DeAndre Kane was the star of Iowa State’s win over North Carolina to get to the Sweet Sixteen on Sunday, and in a lot of ways he had to be with no Georges Niang by his side. He did a lot of damage in a lot of ways on Sunday, most notably his go ahead bucket with 1.6 seconds to play.
Kane flirted with a triple double with his 24 points, 10 rebounds, and seven assists but while every point loomed large, could it be his assists were a bigger key to the Cyclones winning? Perhaps.
See what I mean, here. Going through Kane’s game by game assist numbers you can see his impact on winning when he is creating for teammates. In games with five or more assists the Cyclones are 22-1. When his assist percentage (a measure of possible field goals for him to assist on when adjusted for the fact he can’t get the assist on his own buckets or while he’s on the bench that measures the percentage of times his teammates score from one of his dimes) is at 25% or better the Cyclones are 23-2. When he records an assist to turnover ratio of 1.67 or better Iowa State is 20-1.
Setting up teammates, avoiding the turnovers (despite the fact he had seven against UNC—with three of them being offensive fouls), and spreading out that production he is able to elevate the play of his teammates and win more often than not.
The Resurrection of 3sus
By now we all have a pretty good handle on the legend of Naz Long that continues to grow…and grow. He started the year shooting the three ball at a torrid pace that included an 8/11 performance in the season opener against UNC-Wilmington. That hot stretch continued through his first nine games as we all wondered if it was real to some extent or if sooner or later he would regress to the mean.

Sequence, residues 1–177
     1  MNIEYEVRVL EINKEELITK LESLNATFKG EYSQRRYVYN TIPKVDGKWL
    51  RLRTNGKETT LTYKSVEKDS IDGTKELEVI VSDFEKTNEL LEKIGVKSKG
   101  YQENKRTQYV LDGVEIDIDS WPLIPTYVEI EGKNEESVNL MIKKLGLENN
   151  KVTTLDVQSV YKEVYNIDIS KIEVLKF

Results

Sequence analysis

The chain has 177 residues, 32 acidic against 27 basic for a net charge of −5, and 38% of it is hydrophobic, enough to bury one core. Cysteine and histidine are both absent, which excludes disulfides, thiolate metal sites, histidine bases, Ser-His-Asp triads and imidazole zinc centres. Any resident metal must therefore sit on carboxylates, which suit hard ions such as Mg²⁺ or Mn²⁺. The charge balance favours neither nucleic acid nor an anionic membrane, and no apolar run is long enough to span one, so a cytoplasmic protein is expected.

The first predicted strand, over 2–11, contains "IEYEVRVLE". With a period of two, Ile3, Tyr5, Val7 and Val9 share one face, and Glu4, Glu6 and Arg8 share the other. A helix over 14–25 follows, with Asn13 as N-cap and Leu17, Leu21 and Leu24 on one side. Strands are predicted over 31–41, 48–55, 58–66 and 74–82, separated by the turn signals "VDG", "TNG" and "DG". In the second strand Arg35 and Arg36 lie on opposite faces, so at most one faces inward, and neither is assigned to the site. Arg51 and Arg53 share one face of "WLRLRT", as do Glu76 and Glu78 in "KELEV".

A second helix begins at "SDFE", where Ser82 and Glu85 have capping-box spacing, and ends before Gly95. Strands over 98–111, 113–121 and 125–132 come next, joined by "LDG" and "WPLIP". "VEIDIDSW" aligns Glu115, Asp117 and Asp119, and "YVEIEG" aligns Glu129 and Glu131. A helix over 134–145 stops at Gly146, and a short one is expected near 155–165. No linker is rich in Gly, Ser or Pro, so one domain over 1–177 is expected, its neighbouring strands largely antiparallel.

The latter seemed to be true through the middle portion of Iowa State’s schedule. Then he was, dare I say, resurrected.
Below is the split of his first nine games, his middle 17 games, and his last nine games. You can see his three point shooting, his points per game, and his point scored per 50 possessions played. Through his first nine games he was at an impressive 53.5% clip from beyond the arc and scoring ten points per games.
Then he slumped, a bit. Over the next 17 games Naz connected just 17 times in 65 three point shots for 26.2% and averaged only 4.2 points per game.
His resurgence started with a 5/7 outing against West Virginia on Ames and his numbers have been unreal since then. A span that even includes an 0/6 in Manhattan against Kansas State. If his ability to knock down the long ball persists his team’s chances to move on through the NCAA Tournament.
The Coach vs The Player
We are nearly through the fourth season of Fred Hoiberg’s coaching life and tenure at Iowa State. There is no question that the overall impact a single person has on a team as a coach is different than that as a player. What’s interesting is that coaches probably have a more wide spread impact than any single player but a player has more of a direct impact on the success of the team.
Hoiberg’s legend is well known as an individual and a player for the Cyclones but given this is his fourth season I thought it would be at least fun and interesting to compare the team’s overall success in his four years playing versus his four years as a coach.
The part that most stands out to me is the conference record. And that was done with an abysmal first season with an extremely thin roster (though partially of his doing). The overall winning percentages is improved, though not drastically, as well.
That is an extremely simple look, but could it be that Fred Hoiberg on the path of being a better coach than player?